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Mattis Calls For 'Denuclearization Of Korean Peninsula'


Defense Secretary Jim Mattis flew into Seoul today, and he quickly then made an unannounced visit to the demilitarized zone separating North and South Korea. This was Mattis's first trip to the DMZ since taking over at the Pentagon. And it comes, of course, at a time of escalating tensions between the United States and North Korea following North Korea's series of nuclear tests. NPR's David Welna is traveling with the defense secretary and joins me from Seoul. Hi there, David.


GREENE: Quite a moment for a U.S. defense secretary to stare into North Korea, I would imagine.

WELNA: It was. You know, these trips to the DMZ have been made by a lot of top U.S. officials, including most of the recent presidents. And they've been fairly routine over the years, but, of course, now it's different because this Mattis trip to the DMZ took place under some pretty tense circumstances.

And while there were not any big incidents there, his appearance alongside South Korea's defense minister there I think was clearly meant to send a message to North Korea. Namely, don't you dare use your nuclear weapons or you'll be sorry you did.

GREENE: And just, David, I mean, most people have never been to this place. Can you just tell us what it's like?

WELNA: Well, you know, I'd never been there before. I heard a lot about it. And when I got there, it just was a little unreal. You know, here we had the defense chiefs of the U.S. and South Korea standing just a few feet away from a line of cement going across the pavement that looked just like a street curb. And it's actually the line that separates the North from the South.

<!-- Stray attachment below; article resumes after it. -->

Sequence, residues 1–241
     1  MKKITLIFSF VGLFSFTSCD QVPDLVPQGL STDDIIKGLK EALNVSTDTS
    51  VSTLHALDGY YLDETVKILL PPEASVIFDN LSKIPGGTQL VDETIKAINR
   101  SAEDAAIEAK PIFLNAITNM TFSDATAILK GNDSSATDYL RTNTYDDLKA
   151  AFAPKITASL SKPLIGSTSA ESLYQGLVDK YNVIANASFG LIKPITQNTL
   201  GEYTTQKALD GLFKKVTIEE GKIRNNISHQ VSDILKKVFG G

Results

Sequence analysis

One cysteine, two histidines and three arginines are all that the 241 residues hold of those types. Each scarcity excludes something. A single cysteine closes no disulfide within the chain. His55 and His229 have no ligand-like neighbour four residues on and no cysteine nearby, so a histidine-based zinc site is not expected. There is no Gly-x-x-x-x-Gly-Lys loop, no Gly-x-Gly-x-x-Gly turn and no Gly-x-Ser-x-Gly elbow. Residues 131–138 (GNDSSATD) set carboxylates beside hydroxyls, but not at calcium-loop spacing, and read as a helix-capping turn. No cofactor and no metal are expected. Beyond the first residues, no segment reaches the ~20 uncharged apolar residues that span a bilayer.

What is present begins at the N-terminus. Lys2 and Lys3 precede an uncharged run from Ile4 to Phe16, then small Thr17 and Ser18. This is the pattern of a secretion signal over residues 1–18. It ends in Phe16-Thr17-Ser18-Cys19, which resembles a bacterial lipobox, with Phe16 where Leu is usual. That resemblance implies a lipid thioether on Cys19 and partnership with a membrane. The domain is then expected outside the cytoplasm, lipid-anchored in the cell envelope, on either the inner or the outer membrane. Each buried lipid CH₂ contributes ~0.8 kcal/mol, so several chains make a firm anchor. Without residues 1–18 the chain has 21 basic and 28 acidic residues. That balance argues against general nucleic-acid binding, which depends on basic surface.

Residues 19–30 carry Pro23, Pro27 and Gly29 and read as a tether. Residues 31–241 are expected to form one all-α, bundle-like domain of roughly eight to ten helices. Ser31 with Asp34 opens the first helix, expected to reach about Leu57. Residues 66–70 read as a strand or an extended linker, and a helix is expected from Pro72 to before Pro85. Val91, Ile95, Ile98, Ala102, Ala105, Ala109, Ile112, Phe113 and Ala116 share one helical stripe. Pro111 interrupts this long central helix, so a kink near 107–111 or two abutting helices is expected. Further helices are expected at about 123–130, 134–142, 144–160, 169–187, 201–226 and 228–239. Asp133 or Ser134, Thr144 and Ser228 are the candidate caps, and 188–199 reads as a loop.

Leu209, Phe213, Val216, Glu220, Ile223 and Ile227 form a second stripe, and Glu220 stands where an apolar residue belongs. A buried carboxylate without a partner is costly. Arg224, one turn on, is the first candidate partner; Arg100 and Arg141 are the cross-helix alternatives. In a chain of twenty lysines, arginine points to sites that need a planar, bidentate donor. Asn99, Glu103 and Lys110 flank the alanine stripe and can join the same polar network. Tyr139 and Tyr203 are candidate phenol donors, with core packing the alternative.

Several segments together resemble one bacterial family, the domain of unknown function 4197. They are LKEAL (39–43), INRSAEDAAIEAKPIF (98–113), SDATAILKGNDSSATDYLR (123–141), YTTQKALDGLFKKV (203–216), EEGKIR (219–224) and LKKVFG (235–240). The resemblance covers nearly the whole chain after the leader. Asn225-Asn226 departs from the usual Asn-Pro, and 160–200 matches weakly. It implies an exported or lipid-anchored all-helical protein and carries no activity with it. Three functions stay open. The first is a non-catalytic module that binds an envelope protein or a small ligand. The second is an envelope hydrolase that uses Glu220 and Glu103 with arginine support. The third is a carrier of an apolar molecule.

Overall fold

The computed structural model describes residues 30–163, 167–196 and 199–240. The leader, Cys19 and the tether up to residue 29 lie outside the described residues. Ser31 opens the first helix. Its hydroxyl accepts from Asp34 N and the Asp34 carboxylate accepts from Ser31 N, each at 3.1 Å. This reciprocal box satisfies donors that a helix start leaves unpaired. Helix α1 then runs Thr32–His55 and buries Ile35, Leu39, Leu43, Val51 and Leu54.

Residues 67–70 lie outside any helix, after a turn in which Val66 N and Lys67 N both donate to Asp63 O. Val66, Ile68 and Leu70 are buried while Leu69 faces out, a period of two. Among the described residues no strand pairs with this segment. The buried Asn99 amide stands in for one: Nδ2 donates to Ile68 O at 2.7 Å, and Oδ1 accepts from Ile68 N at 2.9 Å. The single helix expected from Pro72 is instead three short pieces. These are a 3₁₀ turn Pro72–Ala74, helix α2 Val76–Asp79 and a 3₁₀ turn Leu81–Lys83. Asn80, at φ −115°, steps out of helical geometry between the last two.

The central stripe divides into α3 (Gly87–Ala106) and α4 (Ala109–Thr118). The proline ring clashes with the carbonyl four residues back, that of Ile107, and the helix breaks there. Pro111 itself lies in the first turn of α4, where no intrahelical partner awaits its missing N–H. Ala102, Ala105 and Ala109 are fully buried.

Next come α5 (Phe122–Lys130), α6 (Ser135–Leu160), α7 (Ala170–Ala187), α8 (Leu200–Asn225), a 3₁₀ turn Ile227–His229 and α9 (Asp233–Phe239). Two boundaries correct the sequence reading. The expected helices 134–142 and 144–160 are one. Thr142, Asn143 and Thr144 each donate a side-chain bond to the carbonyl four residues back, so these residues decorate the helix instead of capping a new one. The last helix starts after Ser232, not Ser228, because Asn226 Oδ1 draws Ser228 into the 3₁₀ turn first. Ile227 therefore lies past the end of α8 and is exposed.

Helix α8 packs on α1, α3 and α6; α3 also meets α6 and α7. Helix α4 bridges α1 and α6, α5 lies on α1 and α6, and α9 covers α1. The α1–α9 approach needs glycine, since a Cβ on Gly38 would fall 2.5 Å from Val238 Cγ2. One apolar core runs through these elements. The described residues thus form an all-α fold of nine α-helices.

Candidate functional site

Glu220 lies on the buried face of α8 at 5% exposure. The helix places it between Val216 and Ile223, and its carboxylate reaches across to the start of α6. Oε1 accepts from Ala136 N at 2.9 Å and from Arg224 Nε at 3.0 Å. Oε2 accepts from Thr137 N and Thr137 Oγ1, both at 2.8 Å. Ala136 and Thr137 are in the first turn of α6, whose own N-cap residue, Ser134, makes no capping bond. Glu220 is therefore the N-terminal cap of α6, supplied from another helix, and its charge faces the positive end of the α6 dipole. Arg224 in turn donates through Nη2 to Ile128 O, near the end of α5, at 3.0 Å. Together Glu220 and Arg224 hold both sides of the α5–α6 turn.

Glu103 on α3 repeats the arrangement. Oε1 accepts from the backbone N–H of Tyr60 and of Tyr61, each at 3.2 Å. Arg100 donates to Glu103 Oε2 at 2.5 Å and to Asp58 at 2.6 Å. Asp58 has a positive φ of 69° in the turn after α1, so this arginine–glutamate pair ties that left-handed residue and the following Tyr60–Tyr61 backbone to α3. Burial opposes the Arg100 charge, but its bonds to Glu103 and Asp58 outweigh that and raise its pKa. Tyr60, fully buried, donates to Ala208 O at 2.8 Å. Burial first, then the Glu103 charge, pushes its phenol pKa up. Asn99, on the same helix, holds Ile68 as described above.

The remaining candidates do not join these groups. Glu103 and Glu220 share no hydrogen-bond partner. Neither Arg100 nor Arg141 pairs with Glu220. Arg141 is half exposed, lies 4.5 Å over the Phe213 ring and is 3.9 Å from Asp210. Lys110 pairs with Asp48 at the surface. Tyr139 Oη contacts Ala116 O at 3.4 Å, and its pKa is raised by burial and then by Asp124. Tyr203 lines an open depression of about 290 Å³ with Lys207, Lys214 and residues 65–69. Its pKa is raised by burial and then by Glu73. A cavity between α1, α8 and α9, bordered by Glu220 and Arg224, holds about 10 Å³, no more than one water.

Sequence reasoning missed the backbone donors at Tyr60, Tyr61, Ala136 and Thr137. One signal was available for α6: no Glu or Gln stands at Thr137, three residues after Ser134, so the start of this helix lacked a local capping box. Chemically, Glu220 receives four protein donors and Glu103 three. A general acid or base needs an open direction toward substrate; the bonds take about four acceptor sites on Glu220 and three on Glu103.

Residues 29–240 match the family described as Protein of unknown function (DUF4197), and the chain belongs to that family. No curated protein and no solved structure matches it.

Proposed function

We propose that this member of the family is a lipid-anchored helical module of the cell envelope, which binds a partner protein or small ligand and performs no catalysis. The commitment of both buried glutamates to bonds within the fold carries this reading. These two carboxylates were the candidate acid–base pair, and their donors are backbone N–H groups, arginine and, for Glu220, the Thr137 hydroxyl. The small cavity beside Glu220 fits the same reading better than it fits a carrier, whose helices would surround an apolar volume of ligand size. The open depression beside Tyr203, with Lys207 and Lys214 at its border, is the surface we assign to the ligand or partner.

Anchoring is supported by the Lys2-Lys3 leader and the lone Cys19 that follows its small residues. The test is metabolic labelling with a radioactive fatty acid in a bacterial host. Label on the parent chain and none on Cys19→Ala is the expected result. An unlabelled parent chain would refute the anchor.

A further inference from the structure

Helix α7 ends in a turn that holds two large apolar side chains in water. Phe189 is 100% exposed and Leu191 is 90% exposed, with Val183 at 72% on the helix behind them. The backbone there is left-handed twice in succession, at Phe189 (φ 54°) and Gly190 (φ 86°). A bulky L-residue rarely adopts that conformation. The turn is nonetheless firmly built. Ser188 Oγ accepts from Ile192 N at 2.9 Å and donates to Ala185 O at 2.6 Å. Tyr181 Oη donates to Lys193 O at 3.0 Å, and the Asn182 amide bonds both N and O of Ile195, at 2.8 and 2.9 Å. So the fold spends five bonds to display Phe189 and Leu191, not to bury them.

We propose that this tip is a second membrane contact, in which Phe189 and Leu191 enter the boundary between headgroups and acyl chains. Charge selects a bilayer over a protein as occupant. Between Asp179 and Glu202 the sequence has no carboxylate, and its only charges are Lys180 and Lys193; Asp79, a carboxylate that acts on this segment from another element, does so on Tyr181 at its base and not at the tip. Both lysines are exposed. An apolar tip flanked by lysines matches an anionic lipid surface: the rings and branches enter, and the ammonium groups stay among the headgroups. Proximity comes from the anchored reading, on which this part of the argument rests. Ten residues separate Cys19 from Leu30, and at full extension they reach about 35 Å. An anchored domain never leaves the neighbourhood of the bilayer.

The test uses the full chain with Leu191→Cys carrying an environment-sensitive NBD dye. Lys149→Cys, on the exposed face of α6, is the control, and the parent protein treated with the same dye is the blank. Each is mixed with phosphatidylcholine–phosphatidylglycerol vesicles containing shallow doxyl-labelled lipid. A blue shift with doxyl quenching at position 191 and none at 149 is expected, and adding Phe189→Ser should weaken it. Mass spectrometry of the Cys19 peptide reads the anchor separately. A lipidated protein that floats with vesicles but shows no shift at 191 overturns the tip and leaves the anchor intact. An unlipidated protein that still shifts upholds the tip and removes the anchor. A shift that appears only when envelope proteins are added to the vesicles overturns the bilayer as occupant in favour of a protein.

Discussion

And they both stood with their backs to North Korea as Mattis compared the North to what he called the peace-loving and free society of South Korea. Here's a bit of what he said.


JAMES MATTIS: Behind me to the north, an oppressive regime that shackles its people, denying their freedom, their welfare and their human dignity in pursuit of nuclear weapons and the means of delivery in order to threaten others with catastrophe.

GREENE: I mean, again, we've heard tougher language from President Trump and from people in the administration, but just to be delivering the message from that spot. Has the North reacted at all to Mattis's visit?

WELNA: Well, you know, Pyongyang had already denounced Mattis's visit as a rehearsal for a nuclear war. But even though this trip to the DMZ had not been announced beforehand, there were maybe a dozen stone-faced North Korean soldiers just across the line who seemed to know he was coming. Several of them marched right up to the line and stared at the two defense chiefs, one of them looking through what seemed to be binoculars, even though they were all practically within spitting distance of one another.

Just before Mattis and South Korea's defense minister left, they turned, and what looked like a gesture of defiance, they took just one look at the North Korean troops and their big stone fortress on the other side of the DMZ.

GREENE: Staring at you from - through binoculars but really close up. Maybe that's some sort of intimidation tactic. Let me just ask you, David. President Trump is going to South Korea next month. Is he going to go here to the DMZ?

WELNA: Well, you know, it's not clear. I think there's a lot of concern here about Trump provoking even more trouble with Pyongyang if he does go to the DMZ. And I think he may be concerned about his own security there. He hasn't yet said whether he'll go or not. He's kind of dithered when asked about it.

In the meantime, there are now three American aircraft carriers in the Western Pacific. And even though that's not unprecedented, it's being seen as one more sign that the Pentagon is taking no chances with what North Korean leader Kim Jong Un might do. Just this week, his foreign minister said that threats of an atmospheric test of a hydrogen bomb should be taken literally.

GREENE: NPR's David Welna in Seoul traveling with the defense secretary, Jim Mattis. Thanks, David.

WELNA: You're quite welcome, David. Transcript provided by NPR, Copyright NPR.